North-western Morocco lies in the path of the Atlantic depressions, which means that in the winter time it is not uncommon to experience several days of very heavy rainfall. However, this is a desert country and rainfall is never particularly high. In fact it is very low and falls in very short showers. You are more likely to experience a sandstorm than a rainstorm. Moving further south down the West coast you will hit Morocco’s capital city of Rabat, and further to the south is Morocco’s larger and more economically significant city of Casablanca. Rabat sits on the Atlantic Ocean and sees pleasurable weather year round. June and September each see daily averages of 20°C and 22°C respectively; July and August (the warmest months) see a daily average temperature fom 23°C. Summers do get hot, average highs of 26°C to 27°C, though the cooling winds off the Atlantic Ocean blow in the evenings bringing temperatures down to an enjoyable 15°C to 16°C.
Winters in Rabat and Casablanca are much more enjoyable than the UK in the winter months. With temperatures very rarely falling below 8°C, and daily highs of about 17°C to 18°C, this region is a great winter escape. Spring and autumn each see highs of about 20°C to 22°C.
The Atlantic coast has much colder waters than the northern coast. And as you move further south down the western coast of Morocco you will find that the waters become much rougher – a result of the Atlantic depressions. So you may be fighting with the waves at times. Ignoring the choppy waters, the beaches here are much cleaner than on the Mediterranean coast.
South-West Morocco – The Sahara :
Oving further south the weather starts to warm up a lot as you move toward the Sahara desert. Agadir lies in the middle of the Moroccan Atlantic coast as a beach resort. Here the average temperatures are in the 20’s all year round, making it a very popular tourist destination. The town was once previously destroyed entirely by a severe earthquake in 1960; it was rebuilt about 3km south of the original spot in 1961. You won’t find any ancient architecture here; most of the buildings are modern and there a lot of resorts and hotels, making it feel like a purpose-built resort town. It still has beautiful beaches. Once you reach further south the conditions are much more arid and desert-like, particularly when you reach the very south desert town of Guelmim. Temperatures here are hot year round, only slightly cooled by the Atlantic sea breezes.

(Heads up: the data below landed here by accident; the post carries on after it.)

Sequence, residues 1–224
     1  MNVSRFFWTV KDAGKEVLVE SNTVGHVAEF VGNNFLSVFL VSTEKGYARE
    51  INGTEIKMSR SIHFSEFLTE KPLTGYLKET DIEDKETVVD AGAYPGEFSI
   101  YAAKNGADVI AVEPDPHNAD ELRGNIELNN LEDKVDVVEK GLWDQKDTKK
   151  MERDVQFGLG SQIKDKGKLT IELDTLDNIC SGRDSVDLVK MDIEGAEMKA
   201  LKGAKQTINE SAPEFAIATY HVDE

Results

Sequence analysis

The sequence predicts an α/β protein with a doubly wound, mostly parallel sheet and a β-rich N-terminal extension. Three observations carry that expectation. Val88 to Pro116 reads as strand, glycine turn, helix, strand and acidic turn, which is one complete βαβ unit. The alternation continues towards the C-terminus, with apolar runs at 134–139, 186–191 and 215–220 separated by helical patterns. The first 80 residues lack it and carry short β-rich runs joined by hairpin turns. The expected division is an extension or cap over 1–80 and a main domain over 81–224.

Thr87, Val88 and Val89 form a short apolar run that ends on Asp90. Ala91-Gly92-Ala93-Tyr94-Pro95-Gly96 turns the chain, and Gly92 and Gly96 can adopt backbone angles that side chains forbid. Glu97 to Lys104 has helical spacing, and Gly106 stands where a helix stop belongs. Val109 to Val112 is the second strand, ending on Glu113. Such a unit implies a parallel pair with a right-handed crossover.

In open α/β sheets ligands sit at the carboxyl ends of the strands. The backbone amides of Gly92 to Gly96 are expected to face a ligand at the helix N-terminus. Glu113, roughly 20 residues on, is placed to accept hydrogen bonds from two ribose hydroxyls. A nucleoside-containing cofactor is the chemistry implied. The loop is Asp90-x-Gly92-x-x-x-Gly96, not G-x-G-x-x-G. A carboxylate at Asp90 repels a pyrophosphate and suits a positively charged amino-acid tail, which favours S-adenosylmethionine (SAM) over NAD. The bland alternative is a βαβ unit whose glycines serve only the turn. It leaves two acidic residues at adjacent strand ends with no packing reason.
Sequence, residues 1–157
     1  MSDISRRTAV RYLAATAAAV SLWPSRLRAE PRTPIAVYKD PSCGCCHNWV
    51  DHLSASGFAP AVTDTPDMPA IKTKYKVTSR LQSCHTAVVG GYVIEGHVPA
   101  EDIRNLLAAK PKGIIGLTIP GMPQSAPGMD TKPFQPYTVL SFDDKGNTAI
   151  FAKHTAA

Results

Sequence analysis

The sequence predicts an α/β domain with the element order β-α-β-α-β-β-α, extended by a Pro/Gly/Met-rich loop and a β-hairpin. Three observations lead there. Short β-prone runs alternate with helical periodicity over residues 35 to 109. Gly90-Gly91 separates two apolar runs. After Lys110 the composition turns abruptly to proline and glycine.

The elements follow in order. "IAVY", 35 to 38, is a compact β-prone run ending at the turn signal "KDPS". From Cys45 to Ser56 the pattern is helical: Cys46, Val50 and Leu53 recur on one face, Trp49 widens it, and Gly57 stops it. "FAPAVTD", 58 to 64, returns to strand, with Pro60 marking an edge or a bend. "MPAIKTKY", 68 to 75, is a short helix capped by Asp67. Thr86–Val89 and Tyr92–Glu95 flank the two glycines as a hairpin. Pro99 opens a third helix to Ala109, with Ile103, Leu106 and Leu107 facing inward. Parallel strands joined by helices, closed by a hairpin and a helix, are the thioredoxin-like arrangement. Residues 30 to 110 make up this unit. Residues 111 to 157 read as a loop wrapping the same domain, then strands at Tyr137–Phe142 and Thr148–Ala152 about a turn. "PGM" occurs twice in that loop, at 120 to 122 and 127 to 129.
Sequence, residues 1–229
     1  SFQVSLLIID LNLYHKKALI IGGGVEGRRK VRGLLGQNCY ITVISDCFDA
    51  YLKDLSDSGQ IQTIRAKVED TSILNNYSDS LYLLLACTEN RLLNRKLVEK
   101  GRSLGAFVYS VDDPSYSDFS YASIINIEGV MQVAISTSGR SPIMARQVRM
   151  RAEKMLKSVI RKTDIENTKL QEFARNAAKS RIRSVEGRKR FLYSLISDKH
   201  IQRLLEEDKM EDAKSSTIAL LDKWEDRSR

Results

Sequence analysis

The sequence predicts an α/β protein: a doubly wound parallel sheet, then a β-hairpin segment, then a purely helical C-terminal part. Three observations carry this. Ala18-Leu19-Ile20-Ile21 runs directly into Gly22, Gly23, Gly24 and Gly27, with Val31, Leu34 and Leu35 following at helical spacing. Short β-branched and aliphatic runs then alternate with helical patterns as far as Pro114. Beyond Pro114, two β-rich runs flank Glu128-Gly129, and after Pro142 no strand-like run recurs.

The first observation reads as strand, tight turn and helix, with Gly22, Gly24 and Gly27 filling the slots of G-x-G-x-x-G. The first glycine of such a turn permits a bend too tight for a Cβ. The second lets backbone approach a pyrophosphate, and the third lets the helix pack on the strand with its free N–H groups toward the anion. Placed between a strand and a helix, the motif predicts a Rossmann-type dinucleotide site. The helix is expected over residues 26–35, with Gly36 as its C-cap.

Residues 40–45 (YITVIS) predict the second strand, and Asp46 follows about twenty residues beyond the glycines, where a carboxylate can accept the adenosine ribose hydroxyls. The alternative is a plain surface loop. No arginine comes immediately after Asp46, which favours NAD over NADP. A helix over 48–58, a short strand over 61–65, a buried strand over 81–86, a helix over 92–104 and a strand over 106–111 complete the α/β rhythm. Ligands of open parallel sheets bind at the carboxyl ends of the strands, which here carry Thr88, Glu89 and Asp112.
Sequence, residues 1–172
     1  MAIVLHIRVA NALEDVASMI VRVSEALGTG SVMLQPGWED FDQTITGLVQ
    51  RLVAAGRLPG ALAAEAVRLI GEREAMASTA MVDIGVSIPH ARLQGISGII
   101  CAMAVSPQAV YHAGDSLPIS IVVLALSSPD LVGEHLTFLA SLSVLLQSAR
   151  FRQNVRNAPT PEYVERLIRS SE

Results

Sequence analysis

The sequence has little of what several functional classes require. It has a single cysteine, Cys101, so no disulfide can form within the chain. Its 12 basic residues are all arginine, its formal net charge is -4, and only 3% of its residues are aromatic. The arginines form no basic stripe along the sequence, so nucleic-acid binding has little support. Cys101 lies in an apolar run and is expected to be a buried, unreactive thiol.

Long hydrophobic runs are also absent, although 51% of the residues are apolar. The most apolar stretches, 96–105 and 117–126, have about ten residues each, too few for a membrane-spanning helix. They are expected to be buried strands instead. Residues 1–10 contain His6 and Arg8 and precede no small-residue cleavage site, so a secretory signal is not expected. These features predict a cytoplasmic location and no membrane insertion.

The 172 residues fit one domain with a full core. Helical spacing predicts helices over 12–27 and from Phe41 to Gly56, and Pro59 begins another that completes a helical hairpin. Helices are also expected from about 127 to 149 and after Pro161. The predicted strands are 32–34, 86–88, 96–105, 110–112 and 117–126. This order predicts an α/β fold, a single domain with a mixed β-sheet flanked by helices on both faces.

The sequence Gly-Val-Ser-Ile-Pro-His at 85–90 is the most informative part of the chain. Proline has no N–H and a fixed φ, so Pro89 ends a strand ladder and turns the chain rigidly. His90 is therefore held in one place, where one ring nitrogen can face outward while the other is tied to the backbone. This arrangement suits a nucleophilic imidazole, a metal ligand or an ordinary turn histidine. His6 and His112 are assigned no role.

Interior Morocco :
The conditions can get quite harsh once you reach the interior of the country. In the Sahara desert, as you move away from the coast, temperatures reach real extremes. In the summer it is very common for daytime temperatures to hit the high 30’s or mid 40’s while nights are still hot around 20°C. In the winter daytime highs are mild in the high teens, though it can get into the mid 20s, and night times can see temperatures below freezing.
Marrakech lies in Morocco’s interior. In the winter the average temperature is a very enjoyable 21°C, while in summer the average high temperature is a blistering 40°C. Marrakech is a great place to visit outside of the summer months but between June and beginning September you may find it too hot.
If you are visiting Morocco’s north, any time of the year is good. If visiting Morocco’s interior or the Sahara region then it is hot unless you feel you can tolerate the 40°C scorching heat! Also, if you are a woman, wear conservative clothing (light cottons in the summer), covering your arms, legs, and even hair in more conservative areas.